three, the ALJ engaged in a comprehensive analysis of Mr.
Cole's shoulder and knee impairments with respect to
Listing 1.02A, and mental health Listings 12.02, 12.04,
12.05C, and 12.09. (Tr. 31-33). The ALJ cited to the specific
criteria of each of those Listings, and addressed which of
the criteria had not been established. Id. In
particular, for the mental health Listings, the ALJ used the
appropriate special technique to assess whether Mr. Cole met
the “paragraph B” or “paragraph C”
criteria of that Listing. Id. Citing to the evidence
of record, the ALJ found only a mild restriction in
activities of daily living, moderate difficulties in social
functioning, moderate difficulties in concentration,
persistence, or pace, and no episodes of decompensation of
extended duration. Id. The detailed analysis
provided by the ALJ contains substantial evidence to support
her conclusion that the relevant Listings have not been met
four, the ALJ provided a summary of Mr. Cole's testimony
at the hearing. (Tr. 34). The ALJ also summarized findings
from the medical evidence demonstrating that Mr. Cole's
symptoms “improve with consistent psychiatric
treatment, ” (Tr. 34), and that his shoulder and knee
problems do not preclude work activity, (Tr. 35-36). In
particular, the ALJ cited notes reflecting that Mr. Cole had
turned down a janitorial job because he was afraid that the
number of work hours would preclude his obtaining disability
benefits. (Tr. 36). The ALJ also cited a DORS evaluation
suggesting that Mr. Cole would be capable of employment so
long as he received continued psychiatric care.
Id.The ALJ made an adverse credibility assessment,
supported by the inconsistency between the medical evidence
and Mr. Cole's testimony. Id. Finally, the ALJ
evaluated the opinion evidence provided by the treating
physicians, Drs. Seunarine, Coleman, and Raiker, another
medical source, Mr. Akpan, and the State agency medical
consultants. (Tr. 36-37). With respect to the treating
physicians, the ALJ appropriately noted that their relatively
extreme opinions conflicted with their treatment notes and
other record evidence. Id. Instead, the ALJ assigned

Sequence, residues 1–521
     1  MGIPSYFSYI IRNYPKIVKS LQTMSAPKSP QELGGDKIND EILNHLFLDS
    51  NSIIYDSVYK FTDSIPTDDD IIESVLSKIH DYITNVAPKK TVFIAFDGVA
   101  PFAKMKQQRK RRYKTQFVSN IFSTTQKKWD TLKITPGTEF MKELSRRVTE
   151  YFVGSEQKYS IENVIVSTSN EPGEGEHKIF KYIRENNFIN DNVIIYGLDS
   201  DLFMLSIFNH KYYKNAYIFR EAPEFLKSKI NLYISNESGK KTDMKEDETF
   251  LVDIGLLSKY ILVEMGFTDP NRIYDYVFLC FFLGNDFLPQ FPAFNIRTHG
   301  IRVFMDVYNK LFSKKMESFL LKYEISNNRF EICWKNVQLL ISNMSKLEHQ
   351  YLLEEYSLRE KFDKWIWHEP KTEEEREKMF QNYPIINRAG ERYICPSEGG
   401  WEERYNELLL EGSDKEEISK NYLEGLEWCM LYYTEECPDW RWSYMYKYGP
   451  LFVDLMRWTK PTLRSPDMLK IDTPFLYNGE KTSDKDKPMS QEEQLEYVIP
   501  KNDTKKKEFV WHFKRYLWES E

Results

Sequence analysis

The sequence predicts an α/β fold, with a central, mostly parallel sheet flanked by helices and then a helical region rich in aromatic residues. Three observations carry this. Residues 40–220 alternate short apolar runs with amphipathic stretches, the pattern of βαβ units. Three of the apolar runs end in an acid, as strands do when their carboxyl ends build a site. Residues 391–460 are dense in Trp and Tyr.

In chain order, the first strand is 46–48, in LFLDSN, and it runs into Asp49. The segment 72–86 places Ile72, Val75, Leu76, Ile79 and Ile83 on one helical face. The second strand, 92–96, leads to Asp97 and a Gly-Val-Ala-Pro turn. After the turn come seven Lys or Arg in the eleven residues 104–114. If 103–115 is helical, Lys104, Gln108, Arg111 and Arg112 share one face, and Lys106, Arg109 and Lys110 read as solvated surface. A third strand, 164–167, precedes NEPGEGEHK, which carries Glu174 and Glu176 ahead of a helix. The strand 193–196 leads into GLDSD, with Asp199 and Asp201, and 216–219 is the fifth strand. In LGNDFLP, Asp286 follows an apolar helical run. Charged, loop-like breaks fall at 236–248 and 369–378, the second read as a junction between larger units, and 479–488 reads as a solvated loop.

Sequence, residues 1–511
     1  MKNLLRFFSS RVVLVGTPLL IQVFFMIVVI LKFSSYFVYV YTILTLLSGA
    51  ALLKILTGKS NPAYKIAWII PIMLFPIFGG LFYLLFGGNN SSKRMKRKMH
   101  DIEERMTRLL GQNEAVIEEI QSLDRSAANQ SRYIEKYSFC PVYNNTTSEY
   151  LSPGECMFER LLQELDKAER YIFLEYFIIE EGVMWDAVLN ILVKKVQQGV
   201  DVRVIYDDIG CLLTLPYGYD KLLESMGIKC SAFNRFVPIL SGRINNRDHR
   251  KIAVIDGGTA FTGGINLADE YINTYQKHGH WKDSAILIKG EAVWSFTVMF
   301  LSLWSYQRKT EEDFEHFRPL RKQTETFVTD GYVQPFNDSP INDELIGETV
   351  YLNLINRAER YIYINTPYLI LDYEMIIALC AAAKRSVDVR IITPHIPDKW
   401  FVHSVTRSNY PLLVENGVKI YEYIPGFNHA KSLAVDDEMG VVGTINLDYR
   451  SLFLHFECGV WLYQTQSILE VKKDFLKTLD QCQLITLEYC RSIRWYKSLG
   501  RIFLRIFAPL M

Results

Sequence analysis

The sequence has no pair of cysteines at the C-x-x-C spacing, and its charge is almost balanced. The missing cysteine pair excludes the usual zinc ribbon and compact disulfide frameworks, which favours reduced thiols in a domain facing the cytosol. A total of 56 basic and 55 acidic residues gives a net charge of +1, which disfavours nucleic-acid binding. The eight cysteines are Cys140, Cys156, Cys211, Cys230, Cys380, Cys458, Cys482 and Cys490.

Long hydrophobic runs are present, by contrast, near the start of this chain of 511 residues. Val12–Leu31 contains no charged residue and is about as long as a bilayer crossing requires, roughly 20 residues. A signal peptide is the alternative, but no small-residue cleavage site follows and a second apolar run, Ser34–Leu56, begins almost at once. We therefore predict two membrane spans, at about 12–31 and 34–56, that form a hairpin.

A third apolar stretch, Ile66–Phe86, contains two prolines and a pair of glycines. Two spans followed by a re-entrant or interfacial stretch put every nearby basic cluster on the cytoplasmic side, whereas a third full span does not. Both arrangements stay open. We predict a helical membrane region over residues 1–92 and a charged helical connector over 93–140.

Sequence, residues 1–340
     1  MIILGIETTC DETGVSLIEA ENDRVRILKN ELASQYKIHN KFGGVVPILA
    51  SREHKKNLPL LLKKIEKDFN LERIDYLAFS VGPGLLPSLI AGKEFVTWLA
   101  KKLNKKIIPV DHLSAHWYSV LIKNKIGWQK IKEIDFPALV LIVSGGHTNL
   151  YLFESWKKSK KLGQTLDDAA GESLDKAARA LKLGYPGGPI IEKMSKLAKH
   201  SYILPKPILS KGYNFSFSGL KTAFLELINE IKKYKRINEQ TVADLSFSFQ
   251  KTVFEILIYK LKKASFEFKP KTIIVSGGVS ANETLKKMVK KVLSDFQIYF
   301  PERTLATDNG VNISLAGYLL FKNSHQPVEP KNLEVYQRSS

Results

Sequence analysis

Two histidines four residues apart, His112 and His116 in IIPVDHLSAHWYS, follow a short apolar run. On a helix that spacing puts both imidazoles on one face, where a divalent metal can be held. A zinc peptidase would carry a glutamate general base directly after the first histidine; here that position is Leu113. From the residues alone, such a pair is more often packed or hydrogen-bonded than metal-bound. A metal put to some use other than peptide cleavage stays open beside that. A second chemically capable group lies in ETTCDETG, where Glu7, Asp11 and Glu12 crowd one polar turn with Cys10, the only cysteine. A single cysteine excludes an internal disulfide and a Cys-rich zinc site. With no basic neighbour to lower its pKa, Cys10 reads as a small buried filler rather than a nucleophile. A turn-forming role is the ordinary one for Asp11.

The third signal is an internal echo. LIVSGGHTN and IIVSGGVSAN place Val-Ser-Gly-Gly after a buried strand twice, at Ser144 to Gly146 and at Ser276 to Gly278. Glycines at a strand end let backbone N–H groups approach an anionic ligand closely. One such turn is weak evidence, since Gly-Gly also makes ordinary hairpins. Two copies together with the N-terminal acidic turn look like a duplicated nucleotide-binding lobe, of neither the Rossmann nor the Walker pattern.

“moderate weight” to Mr. Akpan's conclusions,
which were generally consistent with the RFC assessment, and
“significant weight” to the State agency medical
function of this Court is not to review Mr. Cole's claims
de novo or to reweigh the evidence of record.
Smith v. Schweiker, 795 F.2d 343, 345 (4th Cir.
1986) (citing 42 U.S.C. § 405(g) and Blalock v.
Richardson, 483 F.2d 773, 775 (4th Cir. 1972)). Rather,
this Court is to determine whether, upon review of the whole
record, the Commissioner's decision is supported by
substantial evidence and a proper application of the law.
Hays v. Sullivan, 907 F.2d 1453, 1456 (4th Cir.
1990); Coffman, 829 F.2d at 517; see 42
U.S.C. § 405(g). Under that standard, and in light of
the abundant evidence cited by the ALJ suggesting that Mr.
Cole was capable of substantial gainful employment with
appropriate mental health treatment, I recommend that the
ALJ's RFC assessment be affirmed.
also appropriately completed step five of the sequential
evaluation. The ALJ took testimony from the VE regarding
whether Mr. Cole could perform his past relevant work, and
determined that he could not. (Tr. 37, 81-82). The ALJ then
posed a series of hypotheticals to the VE to determine
whether a person with each set of hypothetical criteria would
be able to find work. (Tr. 81-82). Ultimately, the ALJ
determined that Mr. Cole's RFC matched one of the
hypotheticals she had posed. (Tr. 33, 81). The VE had cited
three light jobs in response to that hypothetical, and the
ALJ relied on that VE testimony in her opinion. (Tr. 37, 82).
The ALJ's step five determination, therefore, was
supported by substantial evidence. There is therefore no
basis to remand the case under sentence four of 42 U.S.C.
§ 405(g), because I have not found: (1) that the
Commissioner's decision is not supported by substantial
evidence; or (2) that the Commissioner misapplied the
reasons set forth above, I respectfully recommend that the
Court GRANT Defendant's Motion for Summary Judgment, [ECF